3. the file of Whitehead Crowther Lawyers (who previously (and currently) act/ed for the former executor in the administration of the deceased’s estate and litigation against the estate and litigation against the former executor);
      4. retrieved bank records (Statements, vouchers etc) from Suncorp Bank in respect to the Account opened with that bank by the former executor in his name as Trustee;
      5. retrieved bank records (Statements) from Suncorp Bank in respect to the various accounts opened with that bank by Matthew in his name as Trustee for a number of minor beneficiaries of the Estate;
      6. requested and/or retrieved information from a number of other third parties, including Attwood Marshall Lawyers, Clarke Kann Lawyers, Hickey Lawyers, Anthony Delaney Lawyers, Goldstein Kneijber Accountants, Morgans, Body Corporate Services and the Gold Coast City Council;
      7. conducted various searches through land titles offices in multiple states and in respect to ASIC registers and records for various companies;
      8. obtained a valuation of the estate property located at Unit 10D The Condor, 2 Riverview Parade, Surfers Paradise, Queensland (the Condor Unit); and
      9. sought information, vouchers and documents from Whitehead Crowther Lawyers, who currently act on behalf of the former executor.
    2. (b)
      using the information obtained by me, prepared a retrospective account of the estate administration (Annexure, volume 2, part 1, pages 6-17);
    3. (c)
      identified transactions that occurred during the administration of the estate by the former executor which give rise to concern that he committed breaches of duty which have caused loss to the estate (identified transactions);
    4. (d)
      investigated the identified transactions;
    5. (e)
      obtained counsel’s advice in relation to the identified transactions and claims that the estate may be able to pursue against the former executor or others to recover its property and/or any loss it has suffered as a result of the identified transactions;
    6. (f)
      corresponded with the solicitors acting for the former executor, Whitehead Crowther, in an attempt to resolve the estate’s claims against the former executor;
    7. (g)
      attempted to hold off creditors of the estate who have pressed for payment of their debts;
    8. (h)
      prepared and made this application seeking judicial advice and directions as to the future steps I should take as administrator.
  3. I refer to the result of my investigations in relation to the identified transactions in more detail below.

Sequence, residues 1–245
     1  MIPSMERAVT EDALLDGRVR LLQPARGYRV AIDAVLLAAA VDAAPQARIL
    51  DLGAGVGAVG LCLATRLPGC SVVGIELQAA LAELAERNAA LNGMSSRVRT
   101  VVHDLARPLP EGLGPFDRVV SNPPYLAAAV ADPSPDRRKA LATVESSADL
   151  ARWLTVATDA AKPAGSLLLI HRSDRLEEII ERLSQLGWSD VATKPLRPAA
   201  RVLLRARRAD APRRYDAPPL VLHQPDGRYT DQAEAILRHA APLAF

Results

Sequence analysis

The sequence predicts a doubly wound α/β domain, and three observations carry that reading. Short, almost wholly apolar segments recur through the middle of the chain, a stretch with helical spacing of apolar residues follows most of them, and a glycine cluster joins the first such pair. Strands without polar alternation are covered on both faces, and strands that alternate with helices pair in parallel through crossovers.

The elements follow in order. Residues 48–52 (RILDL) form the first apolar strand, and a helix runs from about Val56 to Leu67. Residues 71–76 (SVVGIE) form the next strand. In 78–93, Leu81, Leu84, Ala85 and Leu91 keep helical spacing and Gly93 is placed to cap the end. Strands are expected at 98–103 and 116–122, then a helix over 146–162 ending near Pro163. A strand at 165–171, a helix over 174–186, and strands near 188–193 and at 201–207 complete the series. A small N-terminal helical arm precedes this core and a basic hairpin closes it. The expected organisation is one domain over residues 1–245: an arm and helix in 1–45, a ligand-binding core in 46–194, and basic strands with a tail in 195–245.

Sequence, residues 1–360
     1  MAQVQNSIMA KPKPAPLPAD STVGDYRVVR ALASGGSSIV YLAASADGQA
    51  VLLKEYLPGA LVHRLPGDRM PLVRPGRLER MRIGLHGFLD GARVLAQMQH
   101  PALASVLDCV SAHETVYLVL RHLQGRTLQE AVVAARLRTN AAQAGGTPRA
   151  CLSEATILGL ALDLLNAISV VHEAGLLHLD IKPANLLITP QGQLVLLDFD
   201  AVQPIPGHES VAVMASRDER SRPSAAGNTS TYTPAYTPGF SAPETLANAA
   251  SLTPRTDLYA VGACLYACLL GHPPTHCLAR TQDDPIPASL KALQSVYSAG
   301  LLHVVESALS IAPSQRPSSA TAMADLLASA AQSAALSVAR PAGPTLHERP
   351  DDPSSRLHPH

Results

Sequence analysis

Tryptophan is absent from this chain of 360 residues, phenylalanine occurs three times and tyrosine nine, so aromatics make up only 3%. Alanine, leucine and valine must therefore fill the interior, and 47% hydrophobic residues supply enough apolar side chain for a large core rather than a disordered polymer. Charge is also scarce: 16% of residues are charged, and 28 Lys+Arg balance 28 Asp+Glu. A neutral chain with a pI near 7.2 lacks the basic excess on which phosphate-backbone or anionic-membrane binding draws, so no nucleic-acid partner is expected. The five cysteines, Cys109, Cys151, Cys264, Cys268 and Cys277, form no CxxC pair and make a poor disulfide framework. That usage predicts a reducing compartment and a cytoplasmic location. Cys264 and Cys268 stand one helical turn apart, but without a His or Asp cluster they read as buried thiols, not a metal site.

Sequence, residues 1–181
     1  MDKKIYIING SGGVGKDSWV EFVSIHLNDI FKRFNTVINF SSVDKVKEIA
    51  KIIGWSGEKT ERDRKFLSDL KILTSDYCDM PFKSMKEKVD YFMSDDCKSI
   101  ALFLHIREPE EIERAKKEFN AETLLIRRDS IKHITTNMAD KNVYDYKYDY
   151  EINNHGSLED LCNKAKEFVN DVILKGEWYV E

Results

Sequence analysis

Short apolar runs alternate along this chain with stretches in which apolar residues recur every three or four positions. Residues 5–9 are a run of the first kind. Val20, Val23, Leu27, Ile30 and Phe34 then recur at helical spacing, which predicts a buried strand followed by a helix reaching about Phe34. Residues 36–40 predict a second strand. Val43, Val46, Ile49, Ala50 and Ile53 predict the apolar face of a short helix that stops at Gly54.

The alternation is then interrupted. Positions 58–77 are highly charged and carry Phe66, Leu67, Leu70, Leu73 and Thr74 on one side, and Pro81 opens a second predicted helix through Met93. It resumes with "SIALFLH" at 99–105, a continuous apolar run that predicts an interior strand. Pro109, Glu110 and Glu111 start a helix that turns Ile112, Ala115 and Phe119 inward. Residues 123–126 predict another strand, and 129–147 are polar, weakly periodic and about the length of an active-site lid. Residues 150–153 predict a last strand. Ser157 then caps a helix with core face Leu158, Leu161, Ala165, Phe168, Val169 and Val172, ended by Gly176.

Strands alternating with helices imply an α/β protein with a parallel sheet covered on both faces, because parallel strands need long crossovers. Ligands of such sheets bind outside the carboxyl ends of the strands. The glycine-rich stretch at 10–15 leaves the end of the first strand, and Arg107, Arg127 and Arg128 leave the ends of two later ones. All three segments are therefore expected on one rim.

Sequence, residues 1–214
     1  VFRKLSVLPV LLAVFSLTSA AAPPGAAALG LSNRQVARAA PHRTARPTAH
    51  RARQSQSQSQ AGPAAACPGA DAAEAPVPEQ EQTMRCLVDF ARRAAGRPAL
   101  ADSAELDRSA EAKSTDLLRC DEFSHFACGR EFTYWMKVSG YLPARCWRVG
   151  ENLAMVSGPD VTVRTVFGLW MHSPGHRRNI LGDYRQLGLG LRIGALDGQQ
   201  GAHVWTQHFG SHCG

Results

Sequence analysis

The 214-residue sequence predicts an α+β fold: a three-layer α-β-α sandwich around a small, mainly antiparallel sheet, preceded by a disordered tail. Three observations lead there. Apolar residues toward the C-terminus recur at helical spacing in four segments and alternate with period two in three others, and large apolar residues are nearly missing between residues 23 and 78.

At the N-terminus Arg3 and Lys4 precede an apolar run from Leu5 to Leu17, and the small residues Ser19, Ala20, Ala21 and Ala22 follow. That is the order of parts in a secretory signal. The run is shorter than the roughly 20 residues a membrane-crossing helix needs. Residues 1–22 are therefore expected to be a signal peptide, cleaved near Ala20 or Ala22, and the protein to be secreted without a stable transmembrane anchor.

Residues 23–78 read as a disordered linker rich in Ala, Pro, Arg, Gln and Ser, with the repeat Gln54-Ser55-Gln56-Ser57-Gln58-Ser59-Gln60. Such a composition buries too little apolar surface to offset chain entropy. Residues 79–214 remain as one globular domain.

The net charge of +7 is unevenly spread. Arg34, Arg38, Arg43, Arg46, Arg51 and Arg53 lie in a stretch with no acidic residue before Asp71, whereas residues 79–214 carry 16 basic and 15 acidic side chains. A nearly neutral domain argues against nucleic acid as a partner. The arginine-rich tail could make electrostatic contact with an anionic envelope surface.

4. By the time of my appointment on 18 May 2018: 
    1. (a)
      the only assets of the estate that were available to me as administrator were:
      1. the Condor Unit.  The Condor Unit has an estimated value of $390,000.  By his order of 3 May 2018, Douglas J declared that Gail has an equitable interest in the Condor Unit arising by virtue of the lifetime right to reside conferred on her by an order made by Applegarth J on 15 March 2017 in a family provision application which Gail made against the former executor.  On 18 May 2018, Gail lodged a caveat over the Condor Unit to protect her interest.  As a result of the orders of Applegarth J and Douglas J, and Gail’s caveat, I have so far been unable to sell the Condor Unit to raise funds for the administration of the estate, including to pay creditors of the estate;
      2. $242.83 in the estate’s Suncorp bank account; and
      3. $94.70 in the trust account of Evans Lawyers.
    2. (b)
      the liabilities of the estate were: 
      1. $1,554.76 being Gold Coast City Council Water Rates for the Condor Unit;
      2. $5,526.20 being Gold Coast City Council Rates for the Condor Unit;
      3. $23,393.78 being Body Corporate Levies for the Condor Unit;
      4. $50,096.24 being tendered indemnity costs for Gail’s Lawyers for the first removal application;
      5. unquantified indemnity costs for Gail’s Lawyers for the second removal application;
      6. $800.00 (2 weeks of weekly stipend due to Gail); and
      7. unquantified tax liabilities and accounting fees.
  5. As at the date of this statement of facts, the assets and liabilities of the estate are as follows:

Assets

Estimated value

Condor Unit

$390,000.00

Funds held in Parsons Law Trust Account

$332.53

Credit with Condor Apartments Body Corporate

$2,443.91

 

$392,776.44

Liabilities

 

Overdue weekly payments due to Gail pursuant to Applegarth J’s order

$28,800.00

Costs payable to Gail pursuant to Burns J’s order and Douglas J’s order

$106,665.54

Gold Coast City Council Water Rates as at 26 August 2019

$2,512.44

Accounting fees and tax liabilities

TBC

Administrator’s remuneration, costs and outlays as at 30 September 2019

$200,421.58

 

$338,399.56

  1. I have not included as assets in the above table the claims that the estate may have against the former executor and others in relation to the identified transactions or the funds held in the Trust Account of Parsons Law pending a Court order regarding release of the same.